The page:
TITLE

Shorts from "Barlow Bob."

PUB. DATE
December 2007
SOURCE
Amateur Astronomy Magazine;Winter2007, Issue 56, p8
SOURCE TYPE
Periodical
DOC. TYPE
Editorial
ABSTRACT
The author explores several issues related to astronomy. He explains how to use one's fingers to tell daylight hours. He relates a conversation between a father and his daughter regarding the existence of heaven. He offers information on the periodical "Astronomy Technology Today."
ACCESSION #
28682080

 

Related Articles

  • Standard Time, Daylight Saving Time, and Others.  // World Almanac & Book of Facts;2005, p387 

    The article presents information on standard time, daylight saving time, and others. Standard Time is reckoned from the Prime Meridian of Longitude in Greenwich, England. The world is divided into 24 zones, each 15 deg of arc, or one hour in time apart. The time in the various zones in the U.S....

  • Sky notes 2007 February & March. Miles, Don // Journal of the British Astronomical Association;Feb2007, Vol. 117 Issue 1, p50 

    The article presents news briefs related to astronomy. As the Sun's motion along the ecliptic carries it northwards, February 2007 sees a marked increase in the hours of daylight. In the second and third weeks of February and March 2007, observers will find the darkest evening skies. During the...

  • Sky notes: 2005 December & 2006 January. Bone, Neil // Journal of the British Astronomical Association;Dec2005, Vol. 115 Issue 6, p358 

    The article presents information about several astronomical phenomena. The Sun reaches its southernmost position on December 21 every year. It marks the beginning of winter season. The days are at their shortest and the Sun cuts a low arc across the Southern sky when it is above the horizon. The...

  • FUN IN THE SUN. Flanders, Tony // Sky & Telescope;Oct2004, Vol. 108 Issue 4, p130 

    Presents a question-and-answer advisory about amateur astronomy. Daylight in the equator; Comparison between the hours of daylight in the equator and latitudes; Increase in yearly daylight.

  • Sky At A Glance.  // Sky & Telescope;May2012, Vol. 123 Issue 5, p44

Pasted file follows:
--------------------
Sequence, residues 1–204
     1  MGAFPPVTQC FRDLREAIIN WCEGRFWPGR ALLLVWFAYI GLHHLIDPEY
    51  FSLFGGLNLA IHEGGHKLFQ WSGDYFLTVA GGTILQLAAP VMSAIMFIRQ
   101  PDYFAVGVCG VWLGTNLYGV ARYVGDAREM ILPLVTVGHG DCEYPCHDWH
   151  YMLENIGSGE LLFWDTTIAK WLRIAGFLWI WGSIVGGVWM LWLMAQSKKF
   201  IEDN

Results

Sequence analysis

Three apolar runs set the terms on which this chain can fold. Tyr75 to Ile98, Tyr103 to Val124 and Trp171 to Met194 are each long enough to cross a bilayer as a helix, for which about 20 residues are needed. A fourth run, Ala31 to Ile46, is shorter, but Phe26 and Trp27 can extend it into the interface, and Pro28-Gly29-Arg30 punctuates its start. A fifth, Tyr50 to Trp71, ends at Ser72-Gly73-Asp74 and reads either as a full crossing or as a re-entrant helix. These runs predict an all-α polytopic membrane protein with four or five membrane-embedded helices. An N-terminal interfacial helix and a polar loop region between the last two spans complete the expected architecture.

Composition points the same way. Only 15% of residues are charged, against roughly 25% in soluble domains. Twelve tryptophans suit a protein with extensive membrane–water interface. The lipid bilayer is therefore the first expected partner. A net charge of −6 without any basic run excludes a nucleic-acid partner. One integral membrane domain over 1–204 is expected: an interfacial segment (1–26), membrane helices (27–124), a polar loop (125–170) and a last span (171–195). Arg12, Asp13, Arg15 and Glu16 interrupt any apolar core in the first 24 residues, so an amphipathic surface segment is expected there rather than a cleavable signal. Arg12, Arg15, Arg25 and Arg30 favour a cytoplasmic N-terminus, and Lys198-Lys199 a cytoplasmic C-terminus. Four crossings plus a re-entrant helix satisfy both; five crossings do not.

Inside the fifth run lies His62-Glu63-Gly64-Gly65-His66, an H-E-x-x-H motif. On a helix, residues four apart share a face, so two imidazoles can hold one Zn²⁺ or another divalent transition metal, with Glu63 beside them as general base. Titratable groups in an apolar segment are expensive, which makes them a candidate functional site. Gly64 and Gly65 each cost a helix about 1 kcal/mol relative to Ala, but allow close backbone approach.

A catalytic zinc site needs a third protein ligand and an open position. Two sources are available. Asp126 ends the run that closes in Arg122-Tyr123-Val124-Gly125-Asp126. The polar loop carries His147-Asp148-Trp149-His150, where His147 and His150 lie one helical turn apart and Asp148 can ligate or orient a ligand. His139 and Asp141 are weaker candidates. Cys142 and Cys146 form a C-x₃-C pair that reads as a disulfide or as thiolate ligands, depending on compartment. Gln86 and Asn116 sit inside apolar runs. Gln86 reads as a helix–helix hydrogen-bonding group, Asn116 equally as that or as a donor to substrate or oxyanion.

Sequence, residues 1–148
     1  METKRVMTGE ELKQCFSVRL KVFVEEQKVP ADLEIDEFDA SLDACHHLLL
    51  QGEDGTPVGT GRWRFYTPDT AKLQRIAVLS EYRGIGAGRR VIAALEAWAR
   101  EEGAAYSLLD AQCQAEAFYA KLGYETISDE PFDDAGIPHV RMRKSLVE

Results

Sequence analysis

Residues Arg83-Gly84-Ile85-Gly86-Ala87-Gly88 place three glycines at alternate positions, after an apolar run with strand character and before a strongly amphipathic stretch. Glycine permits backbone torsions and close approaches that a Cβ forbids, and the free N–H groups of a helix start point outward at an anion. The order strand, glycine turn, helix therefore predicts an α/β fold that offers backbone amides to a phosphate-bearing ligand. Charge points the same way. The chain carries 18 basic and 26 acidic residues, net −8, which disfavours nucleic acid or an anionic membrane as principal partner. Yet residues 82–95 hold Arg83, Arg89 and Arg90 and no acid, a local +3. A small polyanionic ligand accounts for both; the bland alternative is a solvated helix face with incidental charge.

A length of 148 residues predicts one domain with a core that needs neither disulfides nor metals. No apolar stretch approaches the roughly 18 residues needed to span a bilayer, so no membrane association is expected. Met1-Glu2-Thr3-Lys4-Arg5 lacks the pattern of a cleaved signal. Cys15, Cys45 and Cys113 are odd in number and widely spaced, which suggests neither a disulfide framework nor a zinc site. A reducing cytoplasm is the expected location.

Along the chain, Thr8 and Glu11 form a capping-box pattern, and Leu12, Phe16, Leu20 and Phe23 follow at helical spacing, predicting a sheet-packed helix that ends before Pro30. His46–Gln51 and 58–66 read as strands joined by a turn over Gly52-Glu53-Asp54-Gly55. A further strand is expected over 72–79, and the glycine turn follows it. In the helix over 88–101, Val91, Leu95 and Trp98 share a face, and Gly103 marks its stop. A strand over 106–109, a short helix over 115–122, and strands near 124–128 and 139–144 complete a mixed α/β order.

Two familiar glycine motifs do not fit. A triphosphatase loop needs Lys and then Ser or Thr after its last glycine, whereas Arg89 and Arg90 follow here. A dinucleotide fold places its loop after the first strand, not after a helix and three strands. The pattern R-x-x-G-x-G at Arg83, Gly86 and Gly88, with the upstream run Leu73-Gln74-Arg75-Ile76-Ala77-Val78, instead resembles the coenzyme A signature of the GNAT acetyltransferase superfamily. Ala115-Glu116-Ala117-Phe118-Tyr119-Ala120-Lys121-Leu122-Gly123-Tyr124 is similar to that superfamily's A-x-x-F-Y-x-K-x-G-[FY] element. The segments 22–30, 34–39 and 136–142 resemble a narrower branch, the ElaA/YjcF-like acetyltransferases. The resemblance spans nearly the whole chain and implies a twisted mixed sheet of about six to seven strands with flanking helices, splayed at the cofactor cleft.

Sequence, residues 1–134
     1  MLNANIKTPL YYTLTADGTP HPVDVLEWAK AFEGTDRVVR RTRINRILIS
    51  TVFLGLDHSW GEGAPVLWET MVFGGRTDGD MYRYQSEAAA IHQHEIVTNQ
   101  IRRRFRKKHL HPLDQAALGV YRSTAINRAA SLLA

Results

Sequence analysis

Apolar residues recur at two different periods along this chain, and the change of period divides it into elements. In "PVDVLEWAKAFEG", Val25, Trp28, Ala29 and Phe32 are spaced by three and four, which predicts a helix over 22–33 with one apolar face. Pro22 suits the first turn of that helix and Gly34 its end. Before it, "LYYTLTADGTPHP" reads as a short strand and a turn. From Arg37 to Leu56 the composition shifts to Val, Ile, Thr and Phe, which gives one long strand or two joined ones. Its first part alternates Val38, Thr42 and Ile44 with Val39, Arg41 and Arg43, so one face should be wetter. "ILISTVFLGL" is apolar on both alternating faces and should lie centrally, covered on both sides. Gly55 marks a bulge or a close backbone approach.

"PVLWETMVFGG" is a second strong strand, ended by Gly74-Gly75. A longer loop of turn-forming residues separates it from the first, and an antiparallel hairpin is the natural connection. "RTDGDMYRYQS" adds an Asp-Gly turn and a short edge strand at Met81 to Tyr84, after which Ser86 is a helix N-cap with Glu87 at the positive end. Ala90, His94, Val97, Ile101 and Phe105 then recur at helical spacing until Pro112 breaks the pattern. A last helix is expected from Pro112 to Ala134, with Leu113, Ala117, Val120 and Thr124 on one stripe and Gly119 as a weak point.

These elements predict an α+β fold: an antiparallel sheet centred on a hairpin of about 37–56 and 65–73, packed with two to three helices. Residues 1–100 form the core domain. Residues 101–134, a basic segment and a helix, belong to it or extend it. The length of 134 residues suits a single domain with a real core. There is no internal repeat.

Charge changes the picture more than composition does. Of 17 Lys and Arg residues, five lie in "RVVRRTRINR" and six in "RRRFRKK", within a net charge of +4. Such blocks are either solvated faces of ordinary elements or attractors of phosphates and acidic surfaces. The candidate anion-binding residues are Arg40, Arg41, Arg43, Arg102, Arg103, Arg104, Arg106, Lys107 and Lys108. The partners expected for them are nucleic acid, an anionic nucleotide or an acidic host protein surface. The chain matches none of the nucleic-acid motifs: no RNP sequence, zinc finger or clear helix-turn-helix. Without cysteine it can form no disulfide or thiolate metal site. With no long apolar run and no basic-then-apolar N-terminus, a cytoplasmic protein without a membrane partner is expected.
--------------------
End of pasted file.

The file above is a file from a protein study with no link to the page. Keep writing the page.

The article presents information on the appearance of the sky on different dates.

  • What Are TIME ZONES?  // World Almanac for Kids;2001, p53 

    This article provides information about time zones. A day is 24 hours long--the time it takes Earth to complete one rotation on its axis. The system we use to tell time is called standard time. In standard time, Earth is divided into 24 time zones. Each zone is 15 degrees of longitude wide and...

  • THE BOND BUYER NEW-ISSUE CALENDAR.  // Bond Buyer;4/21/2005, Vol. 352 Issue 32116, p7 

    Presents a calendar depicting on the new issues of competitive bond offerings of "The Bond Buyer," for the month of April 2005.

  • Questions and Answers. Gaherty, Geoff // Journal of the Royal Astronomical Society of Canada;Aug2013, Vol. 107 Issue 4, p167 

    The article offers the author's insights regarding astronomy. The author says that man cannot walk on the Sun because it has no surface and has a temperature of 5505 °C. He explains that the motions of the Earth can cause day and night and the seasons. He comments that light refers to...

  • BABYLONIAN CRESCENT OBSERVATION AND PTOLEMAIC-ROMAN LUNAR DATES. Krauss, Rolf; Reijs, Victor // PalArch's Journal of Archaeology of Egypt/Egyptology;11/9/2012, Vol. 9 Issue 5, p1 

    This article considers three questions associated with Ptolemaic-Roman lunar chronology: did the temple service begin on Lunar Day 2; were lunar phases determined by observation and/or cyclically; how accurate were lunar observations? In the introduction, Babylonian and modern observations of...

Share

Read the Article

Courtesy of THE LIBRARY OF VIRGINIA

Sorry, but this item is not currently available from your library.

Try another library?
Sign out of this library

Other Topics